The long-term consequences of climate change and potential environmental degradation are likely to include aspects of disease emergence in marine plants and animals. In turn, these emerging diseases may have epizootic potential, zoonotic implications, and a complex pathogenesis involving other cofactors such as anthropogenic contaminant burden, genetics, and immunologic dysfunction. The concept of marine sentinel organisms provides one approach to evaluating aquatic ecosystem health. Such sentinels are barometers for current or potential negative impacts on individual- and population-level animal health. In turn, using marine sentinels permits better characterization and management of impacts that ultimately affect animal and human health associated with the oceans. Marine mammals are prime sentinel species because many species have long life spans, are long-term coastal residents, feed at a high trophic level, and have unique fat stores that can serve as depots for anthropogenic toxins. Marine mammals may be exposed to environmental stressors such as chemical pollutants, harmful algal biotoxins, and emerging or resurging pathogens. Since many marine mammal species share the coastal environment with humans and consume the same food, they also may serve as effective sentinels for public health problems. Finally, marine mammals are charismatic megafauna that typically stimulate an exaggerated human behavioral response and are thus more likely to be observed. © The American College of Veterinary Pathologists 2011. Source

The shortbodied blenny Exallias brevis is an obligate corallivore. Studies on Ha waiian reefs and casual observations on other Pacific reefs reveal that E. brevis feeds on a wide variety of scleractinian corals, including the hydrocoral Millepora spp. This blenny produces distinctive circular feeding marks of ca. 2 cm2 on corals; the marks can persist for 50 d or more. E. brevis is indigenous to the Red Sea and may be responsible for the multifocal bleaching syndrome in Red Sea Millepora dichotoma described by Zvuloni et al. (2011; Mar Ecol Prog Ser 441:25-32). © Inter-Research 2012 · www.int-res.com. Source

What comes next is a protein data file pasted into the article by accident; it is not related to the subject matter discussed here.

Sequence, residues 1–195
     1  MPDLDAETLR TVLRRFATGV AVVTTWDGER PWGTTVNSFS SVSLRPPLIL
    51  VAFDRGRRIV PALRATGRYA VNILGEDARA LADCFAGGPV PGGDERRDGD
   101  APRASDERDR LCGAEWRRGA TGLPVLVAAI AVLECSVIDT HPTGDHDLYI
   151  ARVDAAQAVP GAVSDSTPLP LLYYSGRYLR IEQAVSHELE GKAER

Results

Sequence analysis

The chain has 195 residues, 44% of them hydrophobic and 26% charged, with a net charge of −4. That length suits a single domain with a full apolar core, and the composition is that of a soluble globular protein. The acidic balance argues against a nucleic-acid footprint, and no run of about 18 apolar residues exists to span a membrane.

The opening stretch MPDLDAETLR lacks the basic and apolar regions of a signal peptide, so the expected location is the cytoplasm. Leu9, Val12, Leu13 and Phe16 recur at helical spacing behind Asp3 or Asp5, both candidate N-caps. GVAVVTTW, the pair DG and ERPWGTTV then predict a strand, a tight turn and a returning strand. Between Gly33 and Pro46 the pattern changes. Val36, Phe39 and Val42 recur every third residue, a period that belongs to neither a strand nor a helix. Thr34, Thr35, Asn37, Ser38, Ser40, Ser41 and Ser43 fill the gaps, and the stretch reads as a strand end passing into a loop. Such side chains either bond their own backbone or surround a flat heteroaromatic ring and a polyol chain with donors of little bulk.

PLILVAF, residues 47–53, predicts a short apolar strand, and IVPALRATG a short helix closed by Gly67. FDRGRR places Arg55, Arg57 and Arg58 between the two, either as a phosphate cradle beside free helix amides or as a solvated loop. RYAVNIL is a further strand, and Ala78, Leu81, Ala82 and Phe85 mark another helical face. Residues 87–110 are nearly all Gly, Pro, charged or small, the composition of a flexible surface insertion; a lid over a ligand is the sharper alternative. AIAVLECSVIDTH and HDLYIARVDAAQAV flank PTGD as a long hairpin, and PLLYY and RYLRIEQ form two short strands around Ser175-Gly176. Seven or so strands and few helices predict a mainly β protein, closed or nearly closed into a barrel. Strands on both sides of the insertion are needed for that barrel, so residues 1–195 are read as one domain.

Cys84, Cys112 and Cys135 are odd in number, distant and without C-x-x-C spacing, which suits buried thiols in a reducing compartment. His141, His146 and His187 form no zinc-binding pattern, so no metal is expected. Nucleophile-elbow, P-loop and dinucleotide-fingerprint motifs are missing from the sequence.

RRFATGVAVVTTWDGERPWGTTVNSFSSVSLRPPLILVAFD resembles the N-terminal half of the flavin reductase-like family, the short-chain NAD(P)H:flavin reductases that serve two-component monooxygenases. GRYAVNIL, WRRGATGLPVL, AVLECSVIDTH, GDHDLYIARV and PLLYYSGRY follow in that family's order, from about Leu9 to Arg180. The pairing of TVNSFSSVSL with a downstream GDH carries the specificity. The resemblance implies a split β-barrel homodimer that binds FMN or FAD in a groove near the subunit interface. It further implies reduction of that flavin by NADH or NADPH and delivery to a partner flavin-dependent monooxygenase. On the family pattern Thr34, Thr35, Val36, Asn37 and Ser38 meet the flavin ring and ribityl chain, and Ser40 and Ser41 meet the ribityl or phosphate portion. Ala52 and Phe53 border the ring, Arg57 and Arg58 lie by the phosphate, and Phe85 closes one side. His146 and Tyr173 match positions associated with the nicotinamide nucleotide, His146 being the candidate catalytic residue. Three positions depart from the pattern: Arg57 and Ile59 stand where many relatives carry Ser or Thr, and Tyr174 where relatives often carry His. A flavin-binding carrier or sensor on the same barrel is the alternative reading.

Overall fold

Schaefer A.M.,Florida Atlantic University | Jensen E.L.,Colorado State University | Bossart G.D.,Georgia Aquarium | Reif J.S.,Colorado State University
International Journal of Environmental Research and Public Health | Year: 2014

Mercury exposure through the consumption of fish and shellfish represents a significant public health concern in the United States. Recent research has demonstrated higher seafood consumption and subsequent increased risk of methylmercury exposure among subpopulations living in coastal areas. The identification of high concentrations of total mercury in blood and skin among resident Atlantic bottlenose dolphins (Tursiops truncatus) in the Indian River Lagoon (IRL), a coastal estuary in Florida, alerted us to a potential public health hazard in the contiguous human population. Therefore, we analyzed hair mercury concentrations of residents living along the IRL and ascertained their sources and patterns of seafood consumption. The total mean mercury concentration for 135 residents was 1.53 ± 1.89 μg/g. The concentration of hair mercury among males (2.02 ± 2.38 μg/g) was significantly higher than that for females (0.96 ± 0.74 μg/g) (p < 0.01). Log transformed hair mercury concentration was significantly associated with the frequency of total seafood consumption (p < 0.01). Individuals who reported consuming seafood once a day or more were 3.71 (95% CI 0.84-16.38) times more likely to have a total hair mercury concentration over 1.0 μg/g, which corresponds approximately to the U.S. EPA reference dose, compared to those who consumed seafood once a week or less. Hair mercury concentration was also significantly higher among individuals who obtained all or most of their seafood from local recreational sources (p < 0.01). The elevated human mercury concentrations mirror the elevated concentrations observed in resident dolphins in the same geographical region. The current study is one of the first to apply the concept of a sentinel animal to a contiguous human population. © 2014 by the authors; licensee MDPI, Basel, Switzerland. Source